"With a Little Help from My Friends" – A Paean to Pandemic Friendship
Updated: Jul 8
By Naomi Serviss
In 1969, my tenth grade drama teacher, Mr. Sarkisian,
brought the class into Manhattan for a Broadway show.
Cheltenham High School was in a swanky Philadelphia suburb.
Swimming pool, planetarium, television studio,
art room and dental office were a few assets.
Field trips? A dime a dozen.
Broadway was a mere chartered bus away.
I sat next to Fern on the way back.
We gabbed nonstop. Seemed we had a lot in common.
Anti-war, anti-establishment, pro-civil rights
and slightly in love with Mr. Sarkisian.
Fern thought Hair was the best Broadway show she’d seen.
Didn’t mention it was my first one.
As a lonely kid raised in a toxic environment,
my gregarious nature cloaked an introvert’s pain and shame.
Rarely did I approach peers seeking friendship.
I studied school cliques for self-identity cues.
By tenth grade, my allegiance was pledged to hippies.
Hair reinforced my predilection.
The bus dropped us off at the high school entrance.
My mother said she’d pick me up but might be running late.
Fern’s mother was already waiting in the car.
Summoned up my Age of Aquarius courage.
I asked Fern if she’d like to hang out sometime.
She had been amicable and fun.
“Oh, I really don’t need any new friends right now.
I have so many already.
Rejection’s crueler when you’re young.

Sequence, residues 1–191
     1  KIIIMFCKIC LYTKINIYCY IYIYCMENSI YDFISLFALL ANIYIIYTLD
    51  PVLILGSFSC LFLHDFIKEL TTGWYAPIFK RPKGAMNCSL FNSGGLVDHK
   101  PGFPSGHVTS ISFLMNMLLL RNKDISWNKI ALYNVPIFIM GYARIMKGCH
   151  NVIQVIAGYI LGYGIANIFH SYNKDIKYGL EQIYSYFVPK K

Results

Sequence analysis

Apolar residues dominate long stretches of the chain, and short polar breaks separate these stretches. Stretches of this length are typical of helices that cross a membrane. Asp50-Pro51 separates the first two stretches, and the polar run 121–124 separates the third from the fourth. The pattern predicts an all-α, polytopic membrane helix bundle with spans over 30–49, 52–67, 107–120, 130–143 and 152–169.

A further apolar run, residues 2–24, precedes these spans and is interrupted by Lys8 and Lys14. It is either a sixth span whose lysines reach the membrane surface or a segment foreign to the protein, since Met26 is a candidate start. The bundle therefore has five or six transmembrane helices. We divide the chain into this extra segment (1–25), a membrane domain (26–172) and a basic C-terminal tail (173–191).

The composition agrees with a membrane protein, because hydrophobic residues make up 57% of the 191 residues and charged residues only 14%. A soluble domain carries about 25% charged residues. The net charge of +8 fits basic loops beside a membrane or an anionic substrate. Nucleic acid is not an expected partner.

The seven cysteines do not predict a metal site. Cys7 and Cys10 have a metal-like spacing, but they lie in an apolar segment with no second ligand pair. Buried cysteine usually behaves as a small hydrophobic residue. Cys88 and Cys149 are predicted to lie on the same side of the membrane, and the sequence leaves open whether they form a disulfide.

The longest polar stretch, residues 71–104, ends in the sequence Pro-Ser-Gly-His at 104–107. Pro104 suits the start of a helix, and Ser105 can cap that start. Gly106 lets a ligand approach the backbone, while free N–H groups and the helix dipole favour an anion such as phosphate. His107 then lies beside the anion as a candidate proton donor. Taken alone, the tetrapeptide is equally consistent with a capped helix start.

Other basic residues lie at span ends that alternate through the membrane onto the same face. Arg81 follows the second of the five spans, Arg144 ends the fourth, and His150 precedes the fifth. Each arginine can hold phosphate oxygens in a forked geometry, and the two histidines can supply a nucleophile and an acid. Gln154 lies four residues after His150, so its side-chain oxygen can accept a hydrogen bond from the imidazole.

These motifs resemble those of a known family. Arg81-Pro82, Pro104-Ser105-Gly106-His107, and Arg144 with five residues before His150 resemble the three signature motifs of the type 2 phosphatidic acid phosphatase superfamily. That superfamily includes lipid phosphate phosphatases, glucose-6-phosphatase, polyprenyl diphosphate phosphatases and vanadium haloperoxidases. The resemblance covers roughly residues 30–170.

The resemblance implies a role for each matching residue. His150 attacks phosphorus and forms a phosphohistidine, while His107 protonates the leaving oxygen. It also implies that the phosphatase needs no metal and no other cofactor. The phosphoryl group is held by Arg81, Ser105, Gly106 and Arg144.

April’s pandemic was as cruel as T.S. Eliot warned.
No kids to hug.
Schmoozing with gym friends after Sam’s 92nd Street Y class was history.
Sharing sugarless fruit scones with Roberta and Barbara at the Third Avenue Bagel Shop was a fond memory.
We became cavemen, hunting for Lysol and gathering Cottonelle.
Hunkering down in our habitats, established friendships deepened over Zoom.
Nancy celebrated her milestone anniversary on June 26. She enjoyed the marmalade and scones I sent.
We talk on our cell phones nearly every day.
She sends good chocolate, so I need to stay on her good side.
Dee and I danced in front of a shuttered coal mine in Shenandoah, Pa.
Nearly 50 years ago.
We sang improvised lyrics as we kicked up dust.
"They're Closing the Coal Mine Polka."
Dee and her husband Tom helped save my life.
Making new friends was not a priority.
Not that I was looking.
Forced isolation wasn’t a gut punch.
Recuperating from foot surgery since last December,
I was used to being landlocked.
Negotiating my walking boot in the lobby was daunting.
I graduated to pacing with a cane.
My favorite doorman, José Perez, mans the fort from 6:30 a.m. to 3 p.m.
We’re both early birds. We text greetings to one another in the morning.
When the pandemic hit,
I brought José boxes of Emergen-C vitamin powder.
José was my touchstone long before quarantine hit.
He delivers the New York Times to our door every day.
He sends UPS packages up in the elevator.
José’s the first person I schmooze before my 6:45 a.m. Central Park stroll.
I text Central Park pup photos.
He replies with heart emojis.
Nona and I have been close friends since first grade.
We’re still tight.
Nona’s helming next year’s 50th reunion of Cheltenham’s Class of ‘71.
She knows how to get things done.
I’ve maintained friendships with Nona and Susie.
That’s about it.